Bitcoin And Ethereum Futures Now Denominated In Euros On The CME
Chicago Mercantile Exchange Group (CME) announced on Monday the launch of euro-denominated Bitcoin BTC/USD and Ethereum futures.
Tim McCourt, global head of equity and FX products at CME Group, said the new products are made to allow institutional investors another way to buy the cryptocurrencies in a controlled environment.
“Ongoing uncertainty in cryptocurrency markets, along with the robust growth and deep liquidity of our existing Bitcoin and Ethereum futures, is creating an increased demand for risk management solutions by institutional investors outside the U.S.,” said McCourt. “Euro-denominated cryptocurrencies are the second highest traded fiat behind the U.S. dollar.”
In December 2017, the CME Group introduced its first Bitcoin futures contract. In February 2021 it introduced an Ethereum futures contract. The derivatives exchange added micro Bitcoin and Ethereum futures to its lineup of crypto investment products in 2022.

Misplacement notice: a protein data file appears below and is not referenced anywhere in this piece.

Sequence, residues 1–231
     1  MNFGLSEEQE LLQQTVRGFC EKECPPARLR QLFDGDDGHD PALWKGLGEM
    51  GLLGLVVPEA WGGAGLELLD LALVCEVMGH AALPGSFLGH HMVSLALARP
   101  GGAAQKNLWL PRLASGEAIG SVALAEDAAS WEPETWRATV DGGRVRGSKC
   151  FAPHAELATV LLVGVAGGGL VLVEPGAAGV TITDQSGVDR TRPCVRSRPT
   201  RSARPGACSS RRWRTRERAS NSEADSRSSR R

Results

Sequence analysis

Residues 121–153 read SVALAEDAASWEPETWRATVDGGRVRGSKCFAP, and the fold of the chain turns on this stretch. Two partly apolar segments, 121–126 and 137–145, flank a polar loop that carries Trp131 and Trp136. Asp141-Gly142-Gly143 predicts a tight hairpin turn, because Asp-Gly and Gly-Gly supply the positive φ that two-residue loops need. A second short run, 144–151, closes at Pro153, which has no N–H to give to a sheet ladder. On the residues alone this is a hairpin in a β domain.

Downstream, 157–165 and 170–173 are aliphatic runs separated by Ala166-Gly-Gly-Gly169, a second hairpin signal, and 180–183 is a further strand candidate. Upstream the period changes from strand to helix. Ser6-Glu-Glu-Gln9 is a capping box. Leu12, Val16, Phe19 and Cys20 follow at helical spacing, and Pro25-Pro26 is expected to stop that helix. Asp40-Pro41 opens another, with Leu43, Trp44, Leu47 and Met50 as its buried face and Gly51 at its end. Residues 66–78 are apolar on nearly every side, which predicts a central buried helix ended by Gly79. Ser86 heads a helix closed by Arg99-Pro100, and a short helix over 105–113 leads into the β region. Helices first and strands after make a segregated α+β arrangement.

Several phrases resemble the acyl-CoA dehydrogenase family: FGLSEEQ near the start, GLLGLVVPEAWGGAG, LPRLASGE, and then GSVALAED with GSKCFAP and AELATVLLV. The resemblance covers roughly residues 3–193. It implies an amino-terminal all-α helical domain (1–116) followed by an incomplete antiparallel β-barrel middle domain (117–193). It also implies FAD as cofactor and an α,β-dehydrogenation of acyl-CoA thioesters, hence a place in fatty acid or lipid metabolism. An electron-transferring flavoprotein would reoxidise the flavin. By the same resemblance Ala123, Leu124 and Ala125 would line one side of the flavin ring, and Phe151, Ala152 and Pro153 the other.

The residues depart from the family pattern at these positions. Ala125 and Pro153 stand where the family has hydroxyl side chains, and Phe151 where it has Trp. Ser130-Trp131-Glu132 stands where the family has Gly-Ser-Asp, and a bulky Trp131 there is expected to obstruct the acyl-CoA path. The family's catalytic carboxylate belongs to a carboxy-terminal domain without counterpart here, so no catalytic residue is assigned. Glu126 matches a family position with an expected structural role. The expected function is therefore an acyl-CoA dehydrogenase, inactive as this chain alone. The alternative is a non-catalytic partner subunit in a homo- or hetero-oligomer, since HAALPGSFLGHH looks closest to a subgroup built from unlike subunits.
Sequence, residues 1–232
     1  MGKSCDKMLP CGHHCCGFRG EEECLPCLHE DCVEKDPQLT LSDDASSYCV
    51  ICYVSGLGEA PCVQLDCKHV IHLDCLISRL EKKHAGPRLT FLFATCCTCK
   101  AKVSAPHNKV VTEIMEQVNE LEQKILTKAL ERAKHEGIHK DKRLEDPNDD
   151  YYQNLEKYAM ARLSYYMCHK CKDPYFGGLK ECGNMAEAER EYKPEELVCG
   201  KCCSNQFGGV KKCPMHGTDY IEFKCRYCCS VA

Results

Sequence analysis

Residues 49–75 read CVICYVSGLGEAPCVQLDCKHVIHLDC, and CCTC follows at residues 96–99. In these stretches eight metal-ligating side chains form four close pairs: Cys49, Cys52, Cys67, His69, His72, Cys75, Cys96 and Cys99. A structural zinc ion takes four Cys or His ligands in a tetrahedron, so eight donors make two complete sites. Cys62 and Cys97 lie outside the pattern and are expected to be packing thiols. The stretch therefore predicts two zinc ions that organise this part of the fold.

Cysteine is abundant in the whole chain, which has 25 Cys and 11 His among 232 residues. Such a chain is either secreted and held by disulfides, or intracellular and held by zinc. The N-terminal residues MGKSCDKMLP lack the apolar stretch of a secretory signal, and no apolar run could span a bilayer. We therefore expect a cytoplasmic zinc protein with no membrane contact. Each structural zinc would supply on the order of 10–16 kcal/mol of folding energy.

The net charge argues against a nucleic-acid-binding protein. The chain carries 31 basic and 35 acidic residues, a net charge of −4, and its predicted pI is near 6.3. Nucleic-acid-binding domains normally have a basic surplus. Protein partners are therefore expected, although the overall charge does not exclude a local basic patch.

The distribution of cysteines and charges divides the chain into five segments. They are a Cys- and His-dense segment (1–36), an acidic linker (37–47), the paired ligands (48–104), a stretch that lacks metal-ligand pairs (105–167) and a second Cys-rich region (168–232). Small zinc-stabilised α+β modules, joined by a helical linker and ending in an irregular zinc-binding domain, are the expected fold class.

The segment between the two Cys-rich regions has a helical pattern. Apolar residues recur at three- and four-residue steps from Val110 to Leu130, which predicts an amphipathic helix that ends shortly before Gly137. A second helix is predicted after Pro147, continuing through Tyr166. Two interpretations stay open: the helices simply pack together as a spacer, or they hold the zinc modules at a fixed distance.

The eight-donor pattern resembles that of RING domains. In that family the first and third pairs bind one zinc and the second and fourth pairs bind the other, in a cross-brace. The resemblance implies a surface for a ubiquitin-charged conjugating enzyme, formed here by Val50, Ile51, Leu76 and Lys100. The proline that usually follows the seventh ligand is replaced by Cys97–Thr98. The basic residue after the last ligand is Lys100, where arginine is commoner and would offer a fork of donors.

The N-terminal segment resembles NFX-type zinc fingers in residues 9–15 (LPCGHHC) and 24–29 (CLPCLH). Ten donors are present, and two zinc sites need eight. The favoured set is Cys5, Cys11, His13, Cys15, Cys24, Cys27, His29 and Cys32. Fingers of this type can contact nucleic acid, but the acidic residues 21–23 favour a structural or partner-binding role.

“Our new Bitcoin Euro and Ether Euro futures will provide institutional clients, both within and outside the U.S., with more precise and regulated tools to trade and hedge exposure to the two largest cryptocurrencies by market cap,” McCourt said on Monday.
The press release stated that the size of the Bitcoin Euro and Ether Euro futures contracts will be five Bitcoins and 50 Ethereum per contract, respectively. The CME CF Bitcoin-Euro Reference Rate and CME CF Ether-Euro Reference Rate, which serve as once-daily reference rates of the euro-denominated price of Bitcoin and Ethereum, will be used as the basis for the cash-settled contracts.
As the world’s leading derivatives marketplace, CME Group enables clients to trade futures, options, cash and OTC markets, optimize portfolios, and analyze data – enabling market participants worldwide to efficiently manage risk and capture opportunities. CME Group exchanges offer the vast range of global benchmark products across all major asset classes based on interest rates, equity indexes, foreign exchange, energy, agricultural products and metals.
This article was originally published on Benzinga and appears here with permission.